Author: Salam Al-Abayachi


3.  A 55 year old male presented with urinary retention and saddle paraesthesia. His symptoms began 12 hours ago. He has a cardiac pacemaker inserted. Examination revealed reduced anal tone.

What is the next step in management?

A) MRI scan of the lumbar Spine
B) CT myelogram of the lumbar spine
C) Immediate surgical decompression of the cervical spine
D) Physiotherapy, analgesia, and outpatient follow up
E) High dose corticosteroid

Best answer: B

This patient has classic symptoms of cauda equina syndrome. The most important next step is to identify the source of compression in the lumbar spine. The study of choice is an MRI; however in patients who are unable to undergo an MRI such as those with pacemakers, a CT myelogram should be performed.  

Cauda equina syndrome is a complex of low back pain, bilateral or unilateral sciatica, saddle anaesthesia, motor weakness and bowel/bladder dysfunction.

Cauda equina a surgical emergency. Decompression of the lumbar spine should be performed within 48 hours from the onset of symptoms

Ref :Kostuik JP, Harrington I, Alexander D, Rand W, Evans D: Cauda equina syndrome and lumbar disc hemiation. J Bone Joint Surg Am 1986; 68:386-391

Author : Firas Arnaout


2.  A 40 years old man is involved in a road traffic accident and sustains neck injury with C4/C5 dislocation. On examination he has loss of motor function on one side and loss of pain and temperature sensation on the contralateral side.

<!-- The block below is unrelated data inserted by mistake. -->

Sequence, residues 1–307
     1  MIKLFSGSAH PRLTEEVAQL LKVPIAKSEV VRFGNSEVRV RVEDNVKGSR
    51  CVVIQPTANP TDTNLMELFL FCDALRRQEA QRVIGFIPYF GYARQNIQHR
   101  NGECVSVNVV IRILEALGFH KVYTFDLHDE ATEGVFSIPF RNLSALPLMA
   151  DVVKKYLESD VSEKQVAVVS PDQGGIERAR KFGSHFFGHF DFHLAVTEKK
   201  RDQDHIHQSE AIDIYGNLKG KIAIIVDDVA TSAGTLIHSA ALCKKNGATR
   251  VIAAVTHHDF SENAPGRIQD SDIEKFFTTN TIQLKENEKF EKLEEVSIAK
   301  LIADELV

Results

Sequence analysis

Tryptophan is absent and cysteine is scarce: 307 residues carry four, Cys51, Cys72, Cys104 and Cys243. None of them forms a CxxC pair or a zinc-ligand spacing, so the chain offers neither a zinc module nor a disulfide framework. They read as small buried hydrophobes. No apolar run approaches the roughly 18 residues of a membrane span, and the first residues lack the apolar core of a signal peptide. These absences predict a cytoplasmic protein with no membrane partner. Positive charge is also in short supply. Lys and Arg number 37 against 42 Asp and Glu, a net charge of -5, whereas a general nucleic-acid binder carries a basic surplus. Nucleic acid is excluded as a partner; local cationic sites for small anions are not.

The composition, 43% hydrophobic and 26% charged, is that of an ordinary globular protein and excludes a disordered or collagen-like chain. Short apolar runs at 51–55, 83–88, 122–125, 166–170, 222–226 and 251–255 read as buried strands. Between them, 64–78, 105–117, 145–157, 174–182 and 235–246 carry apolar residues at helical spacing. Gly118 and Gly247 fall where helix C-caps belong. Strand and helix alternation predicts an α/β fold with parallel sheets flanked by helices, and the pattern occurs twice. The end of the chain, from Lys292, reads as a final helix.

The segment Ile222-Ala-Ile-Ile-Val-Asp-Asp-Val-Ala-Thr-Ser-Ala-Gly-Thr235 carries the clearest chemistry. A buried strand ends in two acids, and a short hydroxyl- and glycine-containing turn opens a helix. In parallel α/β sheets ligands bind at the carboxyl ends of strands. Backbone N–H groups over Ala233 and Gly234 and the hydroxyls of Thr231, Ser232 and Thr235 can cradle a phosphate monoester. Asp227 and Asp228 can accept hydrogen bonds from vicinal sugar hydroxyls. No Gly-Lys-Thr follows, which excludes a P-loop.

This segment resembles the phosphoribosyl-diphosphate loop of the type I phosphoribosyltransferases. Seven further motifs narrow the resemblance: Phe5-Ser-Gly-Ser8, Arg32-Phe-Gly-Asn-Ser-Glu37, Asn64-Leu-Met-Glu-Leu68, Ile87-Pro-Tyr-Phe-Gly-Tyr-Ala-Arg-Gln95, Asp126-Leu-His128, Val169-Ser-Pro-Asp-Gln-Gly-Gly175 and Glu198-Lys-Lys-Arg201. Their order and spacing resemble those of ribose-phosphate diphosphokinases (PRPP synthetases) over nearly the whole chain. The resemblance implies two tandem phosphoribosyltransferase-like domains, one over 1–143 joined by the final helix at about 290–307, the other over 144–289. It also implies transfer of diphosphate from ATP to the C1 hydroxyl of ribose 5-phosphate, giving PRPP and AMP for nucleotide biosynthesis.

Which spinal cord syndrome is associated with these findings?

A) Central cord syndrome
B) Anterior cord syndrome
C) Brown-Sequard syndrome
D) Posterior cord syndrome
E) Neurologic shock

Best answer: C


Brown-Sequard syndrome is caused by complete cord hemitransection. On examination; patients have loss of motor power, proprioception and vibration sensation on one side. And contralateral loss of pain and temperature sensation. This syndrome has the best prognosis of all spinal cord injuries.

Ref: Spivak JM, Connolly PJ (eds): Orthopaedic Knowledge Update: Spine 3. Rosemont, IL, American Academy of Orthopaedic Surgeons, 2006, pp 179-187

Author :Firas Arnaout

1.   A 65 years old man presented with bilateral buttocks and legs pain, worse with standing and walking, and better with leaning forword.On examination, he has normal power in his legs, straight leg raising and pedal pulses normal. 

What is this clinical presentation consistent with?

A) Peripheral vascular disease
B) Disc prolapsed
C) Cauda equine syndrome
D) Spinal stenosis
E) Osteomylitis of the spine

Best answer: D

Spinal stenosis is due to narrowing of the spinal canal by either bony or soft tissue structures. Patients present with neurogenic claudication.MRI is the best investigation. 

Treatment is with analgesia and steroid injection, or surgical with decompression. It is important to differentiate between neurogenic and vascular claudication.

Ref: Weinstein JN, Tosteson TD, Lurie JD, Tosteson AN, Blood E, Hanscom B, Herkowitz H, Cammisa F, Albert T, Boden SD, Hilibrand A, Goldberg H, Berven S, An H; SPORT Investigators. Surgical versus nonsurgical therapy for lumbar spinal stenosis. N Engl J Med. 2008 Feb 21; 358(8):794-810

Author :Firas Arnaout